2. The value of context type named name is Jim. This is what happening in getChildContext function.

And our child component just says “Hey I expect to have context type named name!” and it gets it. As far as I understand (and I’m far from being expert in react.js internals) when react renders children components it checks which components want to have context and those that want context are provided with context if parent supplies them.

Cool!

Yep, expect when you encounter the following error

Warning: Failed Context Types: Required context `name` was not specified in `Child`. Check the render method of `Parent`.
runner-3.34.3.min.js:1

Warning: owner-based and parent-based contexts differ (values: `undefined` vs `Jim`) for key (name) while mounting Child (see: http://fb.me/react-context-by-parent)

Yes of course I checked the link, its not very helpful.

Here is the code that causes this (JSBin):

var App = React.createClass({
  render: function() {
    return (
      <Grandparent>
        <Parent>
          <Child/>
        </Parent>
      </Grandparent>
    );
  }
});

var Grandparent = React.createClass({  
  childContextTypes: {
    name: React.PropTypes.string.isRequired
  },  getChildContext: function() {
    return {name: 'Jim'};
  },
  
  render: function() {
    return this.props.children;
  }
    
});

var Parent = React.createClass({
  render: function() {
    return this.props.children;
  }
});

var Child = React.createClass({
  contextTypes: {
    name: React.PropTypes.string.isRequired
  },  render: function() {
    return <div>My name is {this.context.name}</div>;
  }
});

React.render(<App/>, document.body);

It doesn’t make sense now, but Ill explain a setup where this is a viable hierarchy in the end of this post.

So what is happening?

It took me a lot of time to understand why this happens. Googling the error only brought me to discussions by people who also wonders why this happens. I looked at other projects like react-router or react-redux that uses context to pass data down the component tree, when eventually I realized what is wrong.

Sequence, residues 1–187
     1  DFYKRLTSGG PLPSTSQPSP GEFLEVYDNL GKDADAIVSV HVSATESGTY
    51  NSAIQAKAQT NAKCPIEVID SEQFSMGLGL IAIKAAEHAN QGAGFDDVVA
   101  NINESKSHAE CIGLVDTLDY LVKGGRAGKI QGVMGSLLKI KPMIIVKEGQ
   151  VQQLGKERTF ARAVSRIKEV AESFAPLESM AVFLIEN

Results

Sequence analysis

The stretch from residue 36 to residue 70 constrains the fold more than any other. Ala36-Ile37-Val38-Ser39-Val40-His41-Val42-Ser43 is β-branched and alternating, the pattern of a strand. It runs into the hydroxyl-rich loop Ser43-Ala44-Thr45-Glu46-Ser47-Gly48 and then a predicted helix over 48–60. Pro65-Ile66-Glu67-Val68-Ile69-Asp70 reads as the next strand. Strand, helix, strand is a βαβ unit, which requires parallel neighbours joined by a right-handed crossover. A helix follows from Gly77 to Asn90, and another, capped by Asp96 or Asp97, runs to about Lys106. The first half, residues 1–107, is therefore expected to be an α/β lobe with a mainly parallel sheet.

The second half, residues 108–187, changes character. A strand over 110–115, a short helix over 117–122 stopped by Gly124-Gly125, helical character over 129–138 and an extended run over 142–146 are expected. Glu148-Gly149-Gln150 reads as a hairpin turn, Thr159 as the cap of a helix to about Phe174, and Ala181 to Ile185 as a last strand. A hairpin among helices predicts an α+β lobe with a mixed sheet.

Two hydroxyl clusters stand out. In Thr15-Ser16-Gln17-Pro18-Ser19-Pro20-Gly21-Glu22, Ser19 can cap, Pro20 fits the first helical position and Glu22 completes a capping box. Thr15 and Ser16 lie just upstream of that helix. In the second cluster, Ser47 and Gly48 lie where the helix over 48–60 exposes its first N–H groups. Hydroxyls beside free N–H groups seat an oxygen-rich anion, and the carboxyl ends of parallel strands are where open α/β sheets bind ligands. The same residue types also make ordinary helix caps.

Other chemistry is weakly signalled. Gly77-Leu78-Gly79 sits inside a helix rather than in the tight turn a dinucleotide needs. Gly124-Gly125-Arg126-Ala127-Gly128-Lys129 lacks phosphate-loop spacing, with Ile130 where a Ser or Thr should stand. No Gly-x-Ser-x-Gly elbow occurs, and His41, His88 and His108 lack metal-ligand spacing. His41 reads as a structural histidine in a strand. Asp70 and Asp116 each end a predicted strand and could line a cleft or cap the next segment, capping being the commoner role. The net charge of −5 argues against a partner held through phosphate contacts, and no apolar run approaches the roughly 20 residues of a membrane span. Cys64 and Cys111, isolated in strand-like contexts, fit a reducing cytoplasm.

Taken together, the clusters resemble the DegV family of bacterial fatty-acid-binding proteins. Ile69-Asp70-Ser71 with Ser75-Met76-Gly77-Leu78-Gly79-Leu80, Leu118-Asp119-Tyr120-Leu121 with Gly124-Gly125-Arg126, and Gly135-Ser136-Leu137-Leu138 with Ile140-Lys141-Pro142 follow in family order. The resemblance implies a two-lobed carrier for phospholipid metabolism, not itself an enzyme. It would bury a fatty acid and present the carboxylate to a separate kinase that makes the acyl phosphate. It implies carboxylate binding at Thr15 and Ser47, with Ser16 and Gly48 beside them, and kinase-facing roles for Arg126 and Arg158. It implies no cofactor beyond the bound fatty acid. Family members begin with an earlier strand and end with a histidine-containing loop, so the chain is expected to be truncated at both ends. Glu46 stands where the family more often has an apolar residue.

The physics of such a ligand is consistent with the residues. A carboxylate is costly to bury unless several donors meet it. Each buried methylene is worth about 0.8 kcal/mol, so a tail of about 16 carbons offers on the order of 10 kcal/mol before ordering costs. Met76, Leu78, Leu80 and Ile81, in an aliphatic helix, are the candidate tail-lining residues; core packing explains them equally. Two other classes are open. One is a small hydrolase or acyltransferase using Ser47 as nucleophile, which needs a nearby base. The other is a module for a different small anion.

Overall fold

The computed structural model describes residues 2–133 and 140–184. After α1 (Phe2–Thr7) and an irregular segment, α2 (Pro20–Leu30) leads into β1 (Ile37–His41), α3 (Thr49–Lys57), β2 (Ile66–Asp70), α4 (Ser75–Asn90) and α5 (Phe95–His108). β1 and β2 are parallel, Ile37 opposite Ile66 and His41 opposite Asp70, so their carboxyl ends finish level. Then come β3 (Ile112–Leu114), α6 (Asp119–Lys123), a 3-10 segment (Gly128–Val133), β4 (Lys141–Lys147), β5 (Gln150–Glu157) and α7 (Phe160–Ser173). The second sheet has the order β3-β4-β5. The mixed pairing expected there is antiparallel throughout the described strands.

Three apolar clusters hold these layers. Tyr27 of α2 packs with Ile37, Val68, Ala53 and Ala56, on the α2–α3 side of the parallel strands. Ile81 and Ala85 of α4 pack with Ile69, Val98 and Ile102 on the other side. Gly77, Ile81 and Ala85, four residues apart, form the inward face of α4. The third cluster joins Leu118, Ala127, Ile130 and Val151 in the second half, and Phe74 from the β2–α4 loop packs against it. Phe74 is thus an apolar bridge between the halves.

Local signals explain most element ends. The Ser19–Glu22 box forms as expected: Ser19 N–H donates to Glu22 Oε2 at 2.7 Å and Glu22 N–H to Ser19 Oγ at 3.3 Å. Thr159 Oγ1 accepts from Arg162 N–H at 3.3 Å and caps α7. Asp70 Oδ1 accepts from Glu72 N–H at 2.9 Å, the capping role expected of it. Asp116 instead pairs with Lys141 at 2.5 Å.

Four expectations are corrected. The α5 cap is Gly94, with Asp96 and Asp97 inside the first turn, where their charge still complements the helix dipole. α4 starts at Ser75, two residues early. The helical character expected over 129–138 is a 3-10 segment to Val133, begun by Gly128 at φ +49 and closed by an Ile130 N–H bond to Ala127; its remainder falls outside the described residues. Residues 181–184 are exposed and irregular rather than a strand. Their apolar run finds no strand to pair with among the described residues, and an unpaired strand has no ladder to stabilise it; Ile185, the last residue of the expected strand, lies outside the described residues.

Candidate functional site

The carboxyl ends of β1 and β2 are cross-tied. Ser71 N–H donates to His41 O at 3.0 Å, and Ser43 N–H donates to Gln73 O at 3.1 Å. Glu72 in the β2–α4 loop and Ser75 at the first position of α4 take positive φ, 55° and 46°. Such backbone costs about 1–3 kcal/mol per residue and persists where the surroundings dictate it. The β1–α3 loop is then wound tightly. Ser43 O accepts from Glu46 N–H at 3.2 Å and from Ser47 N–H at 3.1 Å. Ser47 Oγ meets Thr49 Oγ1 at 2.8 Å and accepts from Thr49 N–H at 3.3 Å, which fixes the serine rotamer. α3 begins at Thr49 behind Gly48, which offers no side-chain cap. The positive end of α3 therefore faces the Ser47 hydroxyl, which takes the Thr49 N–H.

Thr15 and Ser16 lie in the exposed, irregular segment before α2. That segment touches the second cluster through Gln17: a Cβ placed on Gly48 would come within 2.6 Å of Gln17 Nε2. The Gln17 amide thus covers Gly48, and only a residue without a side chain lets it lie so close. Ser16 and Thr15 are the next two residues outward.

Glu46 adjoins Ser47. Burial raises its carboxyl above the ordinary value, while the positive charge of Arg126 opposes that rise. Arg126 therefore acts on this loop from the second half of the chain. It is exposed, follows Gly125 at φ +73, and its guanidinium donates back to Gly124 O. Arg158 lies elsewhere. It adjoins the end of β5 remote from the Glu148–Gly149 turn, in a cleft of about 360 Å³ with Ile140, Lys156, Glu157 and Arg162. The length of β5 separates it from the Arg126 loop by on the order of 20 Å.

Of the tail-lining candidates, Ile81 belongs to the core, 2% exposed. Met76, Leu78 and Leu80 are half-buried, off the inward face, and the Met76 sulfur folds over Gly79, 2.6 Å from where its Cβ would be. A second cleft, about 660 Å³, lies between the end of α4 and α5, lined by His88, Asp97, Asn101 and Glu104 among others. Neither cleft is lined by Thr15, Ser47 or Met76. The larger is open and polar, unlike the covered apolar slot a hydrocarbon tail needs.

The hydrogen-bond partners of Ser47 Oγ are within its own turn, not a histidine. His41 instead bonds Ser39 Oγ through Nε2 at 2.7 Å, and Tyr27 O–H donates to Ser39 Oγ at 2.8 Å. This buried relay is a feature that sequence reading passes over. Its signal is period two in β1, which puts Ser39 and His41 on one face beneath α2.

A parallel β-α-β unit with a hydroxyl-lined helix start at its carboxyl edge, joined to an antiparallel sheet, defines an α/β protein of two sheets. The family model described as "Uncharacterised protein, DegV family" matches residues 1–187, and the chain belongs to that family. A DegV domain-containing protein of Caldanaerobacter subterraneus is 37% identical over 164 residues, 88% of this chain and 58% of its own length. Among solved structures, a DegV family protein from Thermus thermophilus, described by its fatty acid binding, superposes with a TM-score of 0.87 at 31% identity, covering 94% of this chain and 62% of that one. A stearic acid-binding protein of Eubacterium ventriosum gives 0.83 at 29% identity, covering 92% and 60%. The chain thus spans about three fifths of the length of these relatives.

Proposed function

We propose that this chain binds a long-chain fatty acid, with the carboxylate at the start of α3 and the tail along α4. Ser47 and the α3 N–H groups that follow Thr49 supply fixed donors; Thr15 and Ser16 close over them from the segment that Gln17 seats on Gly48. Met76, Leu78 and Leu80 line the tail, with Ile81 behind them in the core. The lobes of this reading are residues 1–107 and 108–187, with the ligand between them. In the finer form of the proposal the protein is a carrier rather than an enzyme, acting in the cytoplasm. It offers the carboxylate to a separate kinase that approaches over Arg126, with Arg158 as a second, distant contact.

Note: I said I’m not expert in react internals, so everything I’m going to say now is purely what I understood about react internals. Leave a comment if you think I’m wrong (preferably with a link that backups your comment).

Remember I said that each react component have state, props and context? Well, each component have as well so called parent and owner. And if we follow the link from the earlier warning (so yes, it is useful, I lied) we can understand that:

In short, the owner of a component is whomever creates the component, while the parent of a component is whomever would be the containing ancestor in the DOM hierarchy.

It took me some time to understand this statement.

So in my first example, the owner of Child component is Parent, as well as the parent of Child is Parent. While in the second example the owner of Child component is App while the parent is Parent.

Context is something that propagates in a strange way to all the descendant components, but will be assigned only to those components who explicitly asked for context. But context does not propagate from the parent component as you’d expect but from owner! And since the owner of Child is App, React tries to find the “name” attribute in context of App instead of Parent or Grandparent.